Thursday Sep 20, 2012

Displaying Exceptions Thrown or Caught in Managed Beans

Just came a cross a sample written by Steve Muench, which somewhere deep in its implementation details uses the following code to route exceptions to the ADF binding layer to be handled by the ADF model error handler (which can be customized by overriding the DCErrorHandlerImpl class and configuring the custom class in DataBindings.cpx file)

To route an exception to the ADFm error handler, Steve used the following code

((DCBindingContainer)BindingContext.getCurrent().getCurrentBindingsEntry()).reportException(ex); 

The same code however can be used in managed beans as well to enforce consistent error handling in ADF. As an example, lets assume a managed bean method hits an exception. To simulate this, let's use the following code:

public void onToolBarButtonAction(ActionEvent actionEvent) {
   throw new JboException("Just to tease you !!!!!");        
}

The exception shows at runtime as displayed in the following image:

Exception in Managed Bean

Assuming a try-catch block is used to intercept the exception caused by a managed bean action, you can route the error message display to the ADF model error handler. Again, let's simulate the code that would need to go into a try-catch block

public void onToolBarButtonAction(ActionEvent actionEvent) {
   JboException ex = new JboException("Just to tease you !!!!!"); 
   BindingContext bctx = BindingContext.getCurrent();
   ((DCBindingContainer)bctx.getCurrentBindingsEntry()).reportException(ex);
}

The error now displays as shown in the image below

Exception displayed by ADFm error handler

As you can see, the error is now handled by the ADFm Error handler, which - as mentioned before - could be a custom error handler. Using the ADF model error handling for displaying exceptions thrown in managed beans require the current ADF Faces page to have an associated PageDef file (which is the case if the page or view contains ADF bound components).

Note that to invoke methods exposed on the business service it is recommended to always work through the binding layer (method binding) so that in case of an error the ADF model error handler is automatically used.



Tuesday May 29, 2012

Common mistake when iterating rows

In a blog entry from 2010, Oracle's Jobinesh Purushothaman writes about exceptions that are getting raised after developers iterate the collection of a RichTable instance using calls to setRowKey(key).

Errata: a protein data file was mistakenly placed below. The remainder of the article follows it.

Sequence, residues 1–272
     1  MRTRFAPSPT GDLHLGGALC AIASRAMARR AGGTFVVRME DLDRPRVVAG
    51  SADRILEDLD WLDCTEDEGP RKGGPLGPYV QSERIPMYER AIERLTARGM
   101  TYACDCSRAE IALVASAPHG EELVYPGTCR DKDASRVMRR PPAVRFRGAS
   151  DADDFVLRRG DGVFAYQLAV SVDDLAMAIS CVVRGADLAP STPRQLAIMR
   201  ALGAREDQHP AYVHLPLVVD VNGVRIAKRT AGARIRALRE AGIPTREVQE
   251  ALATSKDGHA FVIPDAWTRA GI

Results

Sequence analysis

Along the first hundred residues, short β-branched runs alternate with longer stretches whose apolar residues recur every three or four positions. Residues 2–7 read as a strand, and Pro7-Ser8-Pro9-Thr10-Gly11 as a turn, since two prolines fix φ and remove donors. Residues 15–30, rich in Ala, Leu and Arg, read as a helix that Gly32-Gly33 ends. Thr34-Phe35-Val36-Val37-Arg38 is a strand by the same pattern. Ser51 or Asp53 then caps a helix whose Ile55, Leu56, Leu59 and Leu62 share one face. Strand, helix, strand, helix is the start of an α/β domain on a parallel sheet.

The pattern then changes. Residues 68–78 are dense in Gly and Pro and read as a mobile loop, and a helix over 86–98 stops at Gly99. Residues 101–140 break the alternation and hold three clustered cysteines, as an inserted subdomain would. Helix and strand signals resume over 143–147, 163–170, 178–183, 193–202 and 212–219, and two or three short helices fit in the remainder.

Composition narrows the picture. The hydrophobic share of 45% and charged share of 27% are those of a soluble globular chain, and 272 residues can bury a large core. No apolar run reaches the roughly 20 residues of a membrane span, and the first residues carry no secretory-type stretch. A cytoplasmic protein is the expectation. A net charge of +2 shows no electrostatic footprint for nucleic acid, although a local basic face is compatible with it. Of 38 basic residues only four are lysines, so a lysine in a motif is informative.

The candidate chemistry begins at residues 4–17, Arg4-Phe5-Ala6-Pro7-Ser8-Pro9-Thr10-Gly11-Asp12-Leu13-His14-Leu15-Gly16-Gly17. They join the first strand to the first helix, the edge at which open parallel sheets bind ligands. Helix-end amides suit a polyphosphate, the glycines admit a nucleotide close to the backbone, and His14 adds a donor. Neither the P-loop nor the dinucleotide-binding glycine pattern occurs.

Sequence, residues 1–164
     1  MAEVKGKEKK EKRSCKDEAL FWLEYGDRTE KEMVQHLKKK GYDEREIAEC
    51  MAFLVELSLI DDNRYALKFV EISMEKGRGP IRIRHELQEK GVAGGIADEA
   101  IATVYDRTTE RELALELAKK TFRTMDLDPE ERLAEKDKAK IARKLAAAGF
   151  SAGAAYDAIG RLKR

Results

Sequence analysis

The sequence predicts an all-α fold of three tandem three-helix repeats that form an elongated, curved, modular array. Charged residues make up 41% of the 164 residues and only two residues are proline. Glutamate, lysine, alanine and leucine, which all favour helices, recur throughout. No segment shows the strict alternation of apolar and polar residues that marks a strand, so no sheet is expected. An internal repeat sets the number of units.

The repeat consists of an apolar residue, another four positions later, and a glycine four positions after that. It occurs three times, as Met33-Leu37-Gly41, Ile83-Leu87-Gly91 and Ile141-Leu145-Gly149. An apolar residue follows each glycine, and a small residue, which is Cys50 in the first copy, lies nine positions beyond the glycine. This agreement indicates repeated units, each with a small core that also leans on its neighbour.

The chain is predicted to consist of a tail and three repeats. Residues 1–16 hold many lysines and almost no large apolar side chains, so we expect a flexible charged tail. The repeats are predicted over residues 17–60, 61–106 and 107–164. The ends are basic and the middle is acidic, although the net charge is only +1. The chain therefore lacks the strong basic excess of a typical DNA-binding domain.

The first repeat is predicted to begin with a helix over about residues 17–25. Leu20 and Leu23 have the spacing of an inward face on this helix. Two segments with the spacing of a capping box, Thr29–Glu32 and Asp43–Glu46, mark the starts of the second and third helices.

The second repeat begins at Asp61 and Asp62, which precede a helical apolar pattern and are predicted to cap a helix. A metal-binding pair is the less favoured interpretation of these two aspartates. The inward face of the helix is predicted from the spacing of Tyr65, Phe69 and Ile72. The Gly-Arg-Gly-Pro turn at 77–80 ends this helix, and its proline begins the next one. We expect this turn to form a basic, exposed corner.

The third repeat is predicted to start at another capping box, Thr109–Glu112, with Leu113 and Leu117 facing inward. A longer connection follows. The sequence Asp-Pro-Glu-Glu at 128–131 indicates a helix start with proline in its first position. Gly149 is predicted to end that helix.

http://jobinesh.blogspot.co.uk/2010/02/common-mistake-while-iterating-through.html

The reason for the exception is that the selected row state is change on the table without synchronization to happen with the ADF binding layer. The failure of synchronizing the table selected row state with the ADF binding layer is because no row selection event is raised on the table if the row currency is changed programmatically. In theory, if you call #{bindings.treebinding.treeModel.makeCurrent}using a method expression in EL

The failed binding synchronization is because no row selection event is fired when the selected row state is changed on the table using Java in a managed bean.

A solution to this problem could be to call #{bindings.treebinding.treeModel.makeCurrent}from a method expression in Java each time you called setRowKey(key). But, assuming the iteration of rows in a table is for aggregating numeric values or to compare two rows, do you really want to change the current row in the ADF binding layer for each row you need to access?

A better implementation for this use case in my opinion is to read the data from the ADF binding layer instead of the RichTable table instance, which then will not change the row currency at all.

RichTable table = ... get table reference ...
Iterator iter = selectedRowKeys.iterator();
CollectionModel model = (CollectionModel ) table.getValue();
JUCtrlHierBinding treeBinding = (JUCtrlHierBinding )model.getWrappedData();
if (iter != null && iter.hasNext()) {
  Object rowKey = iter.next();
  JUCtrlHierNodeBinding rowData = treeBinding.findNodeByKeyPath(rowKey);     
  //Do something here

}

Note that the reported problem in Jobinesh's blog is for ADF bound tables configured for single row selection. Still I would prefer my approach over changing the selected row state on a table.


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